Some tricks I want to keep in mind II

I’m doing online courses to train myself to become a data scientist.

Here I want to post some general python commands that I usually use and often forget.

How to load a file:

Say that you have a database file.csv with comma and line separated values. For example




in a csv file.

To import/load this into python you can do:

f = open("file.csv", 'r')
data =
rows = data.split("\n") #first separate by \n new lines.
new_list = []
for row in rows:
    new_list.append(row.split(',')) #then separate each line by comma and append it to the new_list

Another way is using csv. Say that you have data stored in a csv file, including a first row that has the names of the columns. You’d like to load that into a list that has only the data (not the header).

import csv
f = open("your_file.csv", 'r')
csvreader = csv.reader(f)
data_with_header = list(csvreader)
data_no_header = data_with_header[1:]

There’s more information in Python’s doc site

Slicing lists in Python

Python starts counting from 0. So the first element of the list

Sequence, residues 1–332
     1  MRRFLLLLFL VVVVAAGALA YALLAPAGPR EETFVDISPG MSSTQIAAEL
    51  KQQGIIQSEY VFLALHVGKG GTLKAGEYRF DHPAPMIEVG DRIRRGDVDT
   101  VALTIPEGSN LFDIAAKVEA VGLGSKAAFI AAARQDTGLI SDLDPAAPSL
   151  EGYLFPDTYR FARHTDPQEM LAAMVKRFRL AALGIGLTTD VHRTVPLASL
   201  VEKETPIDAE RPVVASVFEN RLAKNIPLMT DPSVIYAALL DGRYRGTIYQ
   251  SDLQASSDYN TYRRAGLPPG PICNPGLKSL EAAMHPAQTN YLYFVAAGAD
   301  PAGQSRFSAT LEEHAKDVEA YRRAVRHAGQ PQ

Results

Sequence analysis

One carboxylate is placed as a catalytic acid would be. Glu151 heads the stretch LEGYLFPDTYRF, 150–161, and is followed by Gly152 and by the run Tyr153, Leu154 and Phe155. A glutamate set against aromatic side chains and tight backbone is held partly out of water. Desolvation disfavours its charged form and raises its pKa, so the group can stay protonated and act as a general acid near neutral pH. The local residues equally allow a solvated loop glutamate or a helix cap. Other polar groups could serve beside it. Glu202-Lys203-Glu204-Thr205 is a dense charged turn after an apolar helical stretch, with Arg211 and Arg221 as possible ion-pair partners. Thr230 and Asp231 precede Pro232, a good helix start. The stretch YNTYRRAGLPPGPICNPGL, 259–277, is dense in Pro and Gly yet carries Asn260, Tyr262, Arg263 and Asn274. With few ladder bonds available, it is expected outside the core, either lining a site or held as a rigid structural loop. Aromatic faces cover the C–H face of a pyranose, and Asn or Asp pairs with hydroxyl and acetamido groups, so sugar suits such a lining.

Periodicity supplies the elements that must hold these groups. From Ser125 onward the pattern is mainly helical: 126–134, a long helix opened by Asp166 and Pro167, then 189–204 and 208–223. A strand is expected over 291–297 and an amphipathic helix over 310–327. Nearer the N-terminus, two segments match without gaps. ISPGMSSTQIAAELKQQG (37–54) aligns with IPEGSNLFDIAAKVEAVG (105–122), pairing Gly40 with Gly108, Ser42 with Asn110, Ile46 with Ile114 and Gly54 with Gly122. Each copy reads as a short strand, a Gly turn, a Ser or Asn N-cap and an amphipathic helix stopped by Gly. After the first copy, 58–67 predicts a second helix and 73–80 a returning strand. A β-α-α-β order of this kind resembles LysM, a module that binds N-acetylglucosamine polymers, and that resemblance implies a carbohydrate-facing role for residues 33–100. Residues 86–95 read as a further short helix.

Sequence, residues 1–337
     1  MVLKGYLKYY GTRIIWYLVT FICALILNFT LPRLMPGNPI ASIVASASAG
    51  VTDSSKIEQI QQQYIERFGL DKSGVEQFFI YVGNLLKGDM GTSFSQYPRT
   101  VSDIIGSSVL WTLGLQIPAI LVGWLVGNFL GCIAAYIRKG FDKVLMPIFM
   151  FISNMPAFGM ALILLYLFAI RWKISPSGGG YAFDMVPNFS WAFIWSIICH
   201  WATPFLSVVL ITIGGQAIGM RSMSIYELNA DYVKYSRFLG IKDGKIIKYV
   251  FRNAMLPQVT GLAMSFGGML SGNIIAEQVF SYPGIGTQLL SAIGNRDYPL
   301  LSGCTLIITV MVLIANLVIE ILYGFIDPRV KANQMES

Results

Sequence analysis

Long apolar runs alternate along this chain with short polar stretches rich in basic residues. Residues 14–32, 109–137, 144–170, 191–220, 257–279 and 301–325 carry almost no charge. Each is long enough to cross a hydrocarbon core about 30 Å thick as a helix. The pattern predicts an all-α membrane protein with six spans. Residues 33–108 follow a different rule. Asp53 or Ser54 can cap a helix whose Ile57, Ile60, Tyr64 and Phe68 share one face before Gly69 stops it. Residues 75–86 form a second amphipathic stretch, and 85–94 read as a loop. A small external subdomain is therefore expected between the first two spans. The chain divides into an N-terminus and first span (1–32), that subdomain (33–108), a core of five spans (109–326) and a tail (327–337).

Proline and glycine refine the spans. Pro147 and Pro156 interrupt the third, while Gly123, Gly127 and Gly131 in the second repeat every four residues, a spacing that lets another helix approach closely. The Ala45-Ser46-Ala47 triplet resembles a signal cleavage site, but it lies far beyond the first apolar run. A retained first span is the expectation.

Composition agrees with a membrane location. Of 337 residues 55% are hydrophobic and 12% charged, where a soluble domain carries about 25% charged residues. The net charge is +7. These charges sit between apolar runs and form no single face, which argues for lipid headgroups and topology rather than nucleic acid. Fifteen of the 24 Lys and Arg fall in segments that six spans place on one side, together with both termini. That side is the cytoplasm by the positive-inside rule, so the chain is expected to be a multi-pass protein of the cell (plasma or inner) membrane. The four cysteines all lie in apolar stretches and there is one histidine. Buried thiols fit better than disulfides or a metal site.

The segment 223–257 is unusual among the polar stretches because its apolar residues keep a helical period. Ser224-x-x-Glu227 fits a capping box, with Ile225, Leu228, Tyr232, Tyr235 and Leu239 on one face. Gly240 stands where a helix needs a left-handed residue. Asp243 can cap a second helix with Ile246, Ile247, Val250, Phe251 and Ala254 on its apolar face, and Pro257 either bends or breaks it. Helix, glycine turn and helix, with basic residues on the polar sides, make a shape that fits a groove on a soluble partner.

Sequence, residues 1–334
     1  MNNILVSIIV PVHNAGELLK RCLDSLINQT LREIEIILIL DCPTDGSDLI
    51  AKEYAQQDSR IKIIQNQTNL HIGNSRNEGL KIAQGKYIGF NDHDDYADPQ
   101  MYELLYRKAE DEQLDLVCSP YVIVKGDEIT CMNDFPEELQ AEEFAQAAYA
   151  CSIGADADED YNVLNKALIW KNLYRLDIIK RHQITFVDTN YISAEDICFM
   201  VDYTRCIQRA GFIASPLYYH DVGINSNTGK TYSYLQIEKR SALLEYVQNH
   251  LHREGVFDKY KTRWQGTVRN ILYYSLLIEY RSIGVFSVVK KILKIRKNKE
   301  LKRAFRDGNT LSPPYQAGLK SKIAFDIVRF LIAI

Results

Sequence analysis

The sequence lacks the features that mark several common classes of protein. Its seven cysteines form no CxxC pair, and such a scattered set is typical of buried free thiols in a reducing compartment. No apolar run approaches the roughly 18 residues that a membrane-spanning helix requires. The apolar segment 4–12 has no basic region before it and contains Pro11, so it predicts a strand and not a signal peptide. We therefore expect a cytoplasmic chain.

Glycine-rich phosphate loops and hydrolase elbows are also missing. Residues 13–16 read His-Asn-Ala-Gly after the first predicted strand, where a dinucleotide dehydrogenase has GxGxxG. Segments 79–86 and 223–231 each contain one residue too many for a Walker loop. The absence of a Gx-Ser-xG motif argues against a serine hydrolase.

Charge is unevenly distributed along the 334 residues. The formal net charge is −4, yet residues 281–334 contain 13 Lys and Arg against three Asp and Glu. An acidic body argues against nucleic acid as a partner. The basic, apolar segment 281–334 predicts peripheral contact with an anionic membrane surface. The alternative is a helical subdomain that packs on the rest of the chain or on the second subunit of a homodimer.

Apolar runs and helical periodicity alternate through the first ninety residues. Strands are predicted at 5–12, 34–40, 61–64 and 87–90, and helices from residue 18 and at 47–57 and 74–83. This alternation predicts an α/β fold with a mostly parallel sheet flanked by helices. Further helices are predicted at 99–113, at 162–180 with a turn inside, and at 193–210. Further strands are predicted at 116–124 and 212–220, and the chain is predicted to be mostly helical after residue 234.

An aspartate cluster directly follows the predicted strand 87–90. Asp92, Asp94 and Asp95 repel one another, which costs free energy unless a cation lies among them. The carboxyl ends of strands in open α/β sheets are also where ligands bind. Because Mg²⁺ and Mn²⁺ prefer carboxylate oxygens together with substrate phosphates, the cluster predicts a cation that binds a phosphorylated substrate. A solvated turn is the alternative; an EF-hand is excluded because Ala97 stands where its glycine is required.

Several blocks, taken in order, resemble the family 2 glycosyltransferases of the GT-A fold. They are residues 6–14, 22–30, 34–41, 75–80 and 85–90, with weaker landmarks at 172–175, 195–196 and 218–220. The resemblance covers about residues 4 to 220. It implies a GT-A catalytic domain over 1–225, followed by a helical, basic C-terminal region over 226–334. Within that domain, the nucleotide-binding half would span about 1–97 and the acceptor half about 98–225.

A = ['a','b','c','d','e'],

is A[0] = 'a'.

Now, the last element of A is A[4] = 'e'. If I wanted to use len to get the last element, I could try A[len(A)], but len(A) = 5 and A[5] does not exist. If you call A[len(A)] you will get a IndexError: list index out of range error. Instead, the correct way to obtain 'e' would be A[len(A) - 1].

Now, to run through the elements of a list (or to slice a list), you can use list[start : end]. But there’s a trick: Python does not include the last element so it will start at start but it will stop one element before end.

Hence, list[start : end] will give as output the set {list[start], list[start + 1], list[start + 2], ... , list[end-1]}. For example, if you wanted to print out the first three elements of A, that is, {0, 1, 2}, you should call print(A[0:3]). A[0:3] means A[0], A[1], A[2] and it does not include A[3] because Python does not take the last element of the range used in the slicing. So, if you call print(A[0:2]) you will get 'a', 'b', which is {A[0], A[1]}.

For more syntax on slicing lists, check out this Stackoverflow question. There you’ll find this reference:

a[start:end] # items start through end-1

a[start:] # items start through the rest of the array

a[:end] # items from the beginning through end-1

a[:] # a copy of the whole array